Halloween Traditions Around the World

El Dia De Los Muertos

In Mexico, Halloween is celebrated as the Day of the Dead, or ‘El Dia de los Muertos’ in Spanish. It is a festival celebrating mortality whilst remembering family and loved ones who have passed away. The annual festival takes placed between October 31st – a date familiar to the Americans and British – and lasts until November 2nd.

El Dia de los Muertos traditions originated from civilizations which span back as far as 3,000 years. The Aztec celebrations were dedicated to La Calavera Catrina, translated as “Lady of the Dead”. By the 20th century, the Mexicans developed Dia de los Angelitos, translated as “Day of the Little Angels”, where young infants who have died are remembered by their families.

Mexico City Day of the Dead

As part of the predominantly Latin American festival, the Latinos believe that the dead would feel insulted by the grief and sadness of their loved ones. Instead, the focus is on the celebration of those activities which the dead cherished in life – such as drinking, eating and partying. The belief is that the dead rise to join the celebrations for two days, and then return to the grave.

For El Dia de los Muertos, revellers wear calacas, and calaveras (skeletons and skulls) as these are the main symbol of the festival. Similarly to Halloween, an array of sweets, dolls and masks are used. Families erect altars for their deceased loved ones, and place a picture of the departed soul for all to see in remembrance.

Calacas and Calaveras Mexico

El Dia de los Muertos costumes take many forms, but general themes include a painted face, emulated a skull. The flamboyant costumes include a wide range of striking colours, and elegant robes with extravagant hats. The celebrations are a spectacle to behold, and we wish all those celebrating El Dia de los Muertos a fantastic time!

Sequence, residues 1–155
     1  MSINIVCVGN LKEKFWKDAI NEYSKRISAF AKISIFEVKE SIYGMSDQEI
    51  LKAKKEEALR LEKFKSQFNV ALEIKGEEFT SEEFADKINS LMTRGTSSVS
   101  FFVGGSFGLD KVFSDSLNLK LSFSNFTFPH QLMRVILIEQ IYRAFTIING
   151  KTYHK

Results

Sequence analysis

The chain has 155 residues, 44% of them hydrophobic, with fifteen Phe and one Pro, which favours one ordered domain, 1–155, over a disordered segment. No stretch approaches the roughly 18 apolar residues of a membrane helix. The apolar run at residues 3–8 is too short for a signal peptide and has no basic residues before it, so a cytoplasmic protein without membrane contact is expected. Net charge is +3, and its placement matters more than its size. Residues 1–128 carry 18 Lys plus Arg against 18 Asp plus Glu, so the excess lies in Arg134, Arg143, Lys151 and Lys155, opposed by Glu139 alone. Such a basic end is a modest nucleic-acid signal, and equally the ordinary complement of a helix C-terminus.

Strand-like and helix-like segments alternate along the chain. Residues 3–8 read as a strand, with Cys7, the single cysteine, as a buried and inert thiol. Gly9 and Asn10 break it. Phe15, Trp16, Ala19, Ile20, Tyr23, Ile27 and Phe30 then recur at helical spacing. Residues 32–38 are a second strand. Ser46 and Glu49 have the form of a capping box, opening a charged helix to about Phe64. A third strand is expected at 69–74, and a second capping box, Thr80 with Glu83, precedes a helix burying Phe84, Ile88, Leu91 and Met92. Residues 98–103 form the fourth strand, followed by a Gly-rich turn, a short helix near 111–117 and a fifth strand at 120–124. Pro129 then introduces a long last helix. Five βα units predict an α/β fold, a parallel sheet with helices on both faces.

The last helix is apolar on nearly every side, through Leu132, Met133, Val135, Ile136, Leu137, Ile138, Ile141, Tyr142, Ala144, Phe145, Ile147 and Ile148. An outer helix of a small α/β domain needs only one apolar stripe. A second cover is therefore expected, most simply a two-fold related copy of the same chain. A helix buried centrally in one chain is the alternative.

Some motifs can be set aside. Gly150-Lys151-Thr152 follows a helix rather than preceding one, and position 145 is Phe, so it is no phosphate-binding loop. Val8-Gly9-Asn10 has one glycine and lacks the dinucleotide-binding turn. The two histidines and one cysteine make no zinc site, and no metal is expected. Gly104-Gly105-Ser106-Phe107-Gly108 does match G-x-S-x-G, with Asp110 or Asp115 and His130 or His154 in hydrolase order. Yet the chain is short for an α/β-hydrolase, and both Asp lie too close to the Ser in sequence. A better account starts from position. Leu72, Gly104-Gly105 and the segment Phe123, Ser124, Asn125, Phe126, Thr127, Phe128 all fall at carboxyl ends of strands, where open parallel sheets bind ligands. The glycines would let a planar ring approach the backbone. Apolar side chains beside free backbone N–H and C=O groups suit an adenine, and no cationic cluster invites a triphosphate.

Halloween in America

There aren’t any other places in the World which put as much effort and enthusiasm into celebrating mortality than the Americans on Halloween. The carving of the pumpkin is one of the rituals for Americans at Halloween, with people transforming fruit into frightening faces and illuminating them with candles during the night.

Pumpkins America

The Americans have adopted the custom of celebrating All Hallow’s Eve, which originated in Catholic Europe to mark the beginning of “fall”. Amongst friends and family, people stock up on little treats for a young ones and party into the night.

Similarly to El Dia de los Muertos, Halloween in America consists of dressing up in scary costumes, often influenced from popular culture such as film, or horror novels. Every American has their favourite Halloween costume from years gone by – that Frankenstein costume when your mother helped you glue metal to the side of your head, or that killer costume duo you and your best friend pulled off at a house party. Dressing up is the essence of Halloween, and you’ll see no better place for it than America.

American Children Halloween

Wander the streets during the evening, or night of Halloween and you’ll be hear the screams from lit up household doorways as young children trick or treat their neighbours with bellies full of sugar, or pockets filled deep. With its infectious energy, you’ll be hard pushed to see a window without a pumpkin, or Halloween decoration in America. If you’re lucky you’ll spot a few severed heads!

Teng Chieh in China

The Chinese festival Teng Chieh, translated as the “Feast of the Hungry Ghosts”, is held with the belief that the living can guide wandering ghosts of dead relatives to food and care. In China, they believe that the spirits of the dead seek recognition and the lighting of bonfires and lanterns can help guide them back to Earth.

Chinese Lanterns Teng Chieh

Using DialAbroad

Will you be calling friends or family to wish them a happy Halloween, or El dia de los Muertos? You can use DialAbroad to make cheap international calls to Mexico, China, the US or any other one of our 14 countries.

Share this postShare on Facebook0Share on Google+0Tweet about this on TwitterShare on LinkedIn0